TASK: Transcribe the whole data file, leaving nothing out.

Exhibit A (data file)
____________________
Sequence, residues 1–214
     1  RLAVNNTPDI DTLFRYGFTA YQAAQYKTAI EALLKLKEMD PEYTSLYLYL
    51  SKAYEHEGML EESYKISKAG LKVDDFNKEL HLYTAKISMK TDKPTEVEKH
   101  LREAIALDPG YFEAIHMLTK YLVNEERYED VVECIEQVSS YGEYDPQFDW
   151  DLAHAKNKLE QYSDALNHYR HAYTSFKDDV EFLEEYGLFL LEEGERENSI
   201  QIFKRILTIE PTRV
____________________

Sequence, residues 1–214
     1  RLAVNNTPDI DTLFRYGFTA YQAAQYKTAI EALLKLKEMD PEYTSLYLYL
    51  SKAYEHEGML EESYKISKAG LKVDDFNKEL HLYTAKISMK TDKPTEVEKH
   101  LREAIALDPG YFEAIHMLTK YLVNEERYED VVECIEQVSS YGEYDPQFDW
   151  DLAHAKNKLE QYSDALNHYR HAYTSFKDDV EFLEEYGLFL LEEGERENSI
   201  QIFKRILTIE PTRV